Or else…you might miss some off the best books you’ll ever read.  The following are a few notable titles I’ve read recently–both YA and adult–that I highly, highly recommend.  Enjoy!

SPEAK by Laurie Halse Anderson

Speak by Laurie Halse AndersonI’m absolutely blown away!  This is my third LHA book, and she’s really impressed me with her range as a writer.  The tone of this book is so much more somber and it’s subject matter so much darker than the funny, upbeat Prom, but no matter what LHA writes, her voice remains true to her characters.  A bonus–this book is full of little details that put me right back in high school.  LHA has perfected adolescent cynicism.

LIFE AFTER LIFE by Kate Atkinson

Life After Life by Kate AtkinsonI’m one of those weirdos who loves to ponder alternate realities, the multiverse, etc., and this book did a beautiful job of illustrating that concept.  Atkinson SHOWS us rather than TELLS us what an array of alternate realities would look like for a character who at times seems to be the center of it all and at others seems to be nothing more than a pebble swept up in the turbulence of change between realities.  If that isn’t enough, this novel doubles as an historical in which Atkinson paints a clear picture of Britain (and at one point, Germany) during WWI and WWII.  We follow Ursula as she dies and is reborn, her character evolving in a way that does not alienate reader but attaches us to the many versions of this girl.  We root for her as she dies again and again, both succumbing to fate and fighting against it.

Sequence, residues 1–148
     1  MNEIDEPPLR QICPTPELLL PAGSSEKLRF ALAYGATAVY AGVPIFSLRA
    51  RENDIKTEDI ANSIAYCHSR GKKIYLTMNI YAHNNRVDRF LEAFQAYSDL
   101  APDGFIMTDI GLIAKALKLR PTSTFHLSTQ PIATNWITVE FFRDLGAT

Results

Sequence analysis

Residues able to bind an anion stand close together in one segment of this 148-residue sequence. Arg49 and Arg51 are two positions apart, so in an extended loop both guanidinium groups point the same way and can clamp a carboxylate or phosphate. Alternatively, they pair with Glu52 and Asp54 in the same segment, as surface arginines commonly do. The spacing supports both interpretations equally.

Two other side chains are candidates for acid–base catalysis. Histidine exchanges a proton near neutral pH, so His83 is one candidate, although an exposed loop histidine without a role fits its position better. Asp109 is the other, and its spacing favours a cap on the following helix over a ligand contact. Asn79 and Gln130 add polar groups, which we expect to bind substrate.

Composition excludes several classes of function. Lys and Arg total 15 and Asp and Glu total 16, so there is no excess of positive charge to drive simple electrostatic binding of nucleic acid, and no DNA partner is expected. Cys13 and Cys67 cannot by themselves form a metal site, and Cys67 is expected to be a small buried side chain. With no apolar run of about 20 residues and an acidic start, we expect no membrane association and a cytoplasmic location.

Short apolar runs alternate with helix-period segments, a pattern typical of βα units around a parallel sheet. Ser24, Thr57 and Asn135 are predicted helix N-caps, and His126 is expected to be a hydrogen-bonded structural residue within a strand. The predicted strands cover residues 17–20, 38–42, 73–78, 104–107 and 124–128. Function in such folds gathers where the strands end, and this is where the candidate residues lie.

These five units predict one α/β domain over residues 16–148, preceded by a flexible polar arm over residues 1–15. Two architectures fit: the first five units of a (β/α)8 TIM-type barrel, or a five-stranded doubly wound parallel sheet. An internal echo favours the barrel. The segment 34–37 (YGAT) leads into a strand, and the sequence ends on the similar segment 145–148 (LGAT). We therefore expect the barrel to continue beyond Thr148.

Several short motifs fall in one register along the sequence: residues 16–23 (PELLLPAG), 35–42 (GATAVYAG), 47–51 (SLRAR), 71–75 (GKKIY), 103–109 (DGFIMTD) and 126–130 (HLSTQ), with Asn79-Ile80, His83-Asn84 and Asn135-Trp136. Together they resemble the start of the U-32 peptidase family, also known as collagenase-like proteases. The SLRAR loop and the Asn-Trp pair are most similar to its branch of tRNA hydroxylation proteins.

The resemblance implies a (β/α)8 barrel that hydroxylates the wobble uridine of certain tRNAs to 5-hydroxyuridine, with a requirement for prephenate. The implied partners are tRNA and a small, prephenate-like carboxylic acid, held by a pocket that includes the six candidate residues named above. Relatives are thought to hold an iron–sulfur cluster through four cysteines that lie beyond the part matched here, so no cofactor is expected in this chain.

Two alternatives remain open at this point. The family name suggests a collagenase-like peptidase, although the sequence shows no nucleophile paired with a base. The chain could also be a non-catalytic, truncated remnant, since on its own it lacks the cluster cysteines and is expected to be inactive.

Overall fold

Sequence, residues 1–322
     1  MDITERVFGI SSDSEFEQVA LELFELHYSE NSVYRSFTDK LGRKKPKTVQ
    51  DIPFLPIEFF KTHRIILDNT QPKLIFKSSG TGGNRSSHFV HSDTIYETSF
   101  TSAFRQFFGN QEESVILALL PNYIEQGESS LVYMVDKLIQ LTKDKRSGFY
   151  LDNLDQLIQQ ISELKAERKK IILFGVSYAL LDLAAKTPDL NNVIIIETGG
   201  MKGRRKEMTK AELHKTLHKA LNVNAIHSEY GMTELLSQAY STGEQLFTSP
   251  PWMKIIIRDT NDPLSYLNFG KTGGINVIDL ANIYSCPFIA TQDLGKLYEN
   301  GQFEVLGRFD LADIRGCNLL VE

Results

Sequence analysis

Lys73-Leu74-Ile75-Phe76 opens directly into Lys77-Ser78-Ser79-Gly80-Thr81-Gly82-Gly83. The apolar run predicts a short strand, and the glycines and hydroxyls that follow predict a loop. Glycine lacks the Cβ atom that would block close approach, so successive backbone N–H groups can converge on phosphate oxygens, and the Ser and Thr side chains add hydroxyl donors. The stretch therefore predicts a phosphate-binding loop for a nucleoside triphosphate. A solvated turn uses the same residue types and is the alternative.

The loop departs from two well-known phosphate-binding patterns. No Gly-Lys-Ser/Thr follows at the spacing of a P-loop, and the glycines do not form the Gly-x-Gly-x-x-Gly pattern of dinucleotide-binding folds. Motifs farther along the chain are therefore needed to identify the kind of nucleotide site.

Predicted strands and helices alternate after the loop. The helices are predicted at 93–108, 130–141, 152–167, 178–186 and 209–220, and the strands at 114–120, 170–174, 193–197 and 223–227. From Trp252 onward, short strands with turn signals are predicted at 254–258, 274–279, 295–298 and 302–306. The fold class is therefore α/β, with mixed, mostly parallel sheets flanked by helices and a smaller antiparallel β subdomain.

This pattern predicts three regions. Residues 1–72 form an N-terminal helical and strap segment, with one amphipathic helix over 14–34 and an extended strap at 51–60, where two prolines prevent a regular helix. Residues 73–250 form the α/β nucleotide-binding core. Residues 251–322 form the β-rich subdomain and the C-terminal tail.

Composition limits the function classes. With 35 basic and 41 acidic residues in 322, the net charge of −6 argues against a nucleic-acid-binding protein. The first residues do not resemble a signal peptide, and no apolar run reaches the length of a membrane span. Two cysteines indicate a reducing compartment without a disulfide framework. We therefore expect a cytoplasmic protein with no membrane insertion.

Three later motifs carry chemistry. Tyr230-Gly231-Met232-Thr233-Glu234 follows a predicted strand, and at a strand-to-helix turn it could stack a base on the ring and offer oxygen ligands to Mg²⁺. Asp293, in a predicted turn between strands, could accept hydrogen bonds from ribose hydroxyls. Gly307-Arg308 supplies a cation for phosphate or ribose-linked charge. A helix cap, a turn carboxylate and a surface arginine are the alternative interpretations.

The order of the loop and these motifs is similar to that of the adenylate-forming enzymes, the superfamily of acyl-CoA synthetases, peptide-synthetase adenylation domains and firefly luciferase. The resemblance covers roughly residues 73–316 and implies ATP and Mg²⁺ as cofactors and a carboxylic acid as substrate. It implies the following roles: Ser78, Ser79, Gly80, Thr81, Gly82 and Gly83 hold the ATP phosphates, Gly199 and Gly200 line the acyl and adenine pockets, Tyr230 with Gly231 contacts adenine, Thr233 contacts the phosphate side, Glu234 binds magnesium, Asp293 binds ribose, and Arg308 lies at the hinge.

ELEANOR & PARK by Rainbow Rowell

Eleanor & Park by Rainbow RowellA sweet, powerful reminder of what first love is like–especially if you were an outcast. There is 80s nostalgia all over the place, but setting the book in the past just makes the timelessness of this kind of love that much stronger.

I’VE GOT YOUR NUMBER by Sophia Kinsella

I've Got Your Number by Sophie KinsellaI actually read this a while ago, but after several Kinsella books, it’s still my favorite.  Blew away Shopaholic. Better premise than The Undomestic Goddess–and that was really good.  Kinsella’s comedic timing improves over the body of her work.  She is laugh out loud funny in a way that will make you gobble up her books in one day. I’VE GOT YOUR NUMBER has wave after wave of comedic set up and pay-off–a sexy slap-stick delight!

Stick Figures

To Skim or Not To Skim?

imageBack in the days when I spent my hard-earned, part-time dollars on paperbacks at the old B&N, I read books cover to cover always.  Now that I have less time and virtually limitless access to books both inexpensive and free (oh yeah, the library–what was I thinking?!), I find myself growing impatient with some books.  So, I occasionally succumb to what I once considered a grave insult to the soul of a book.  I skim.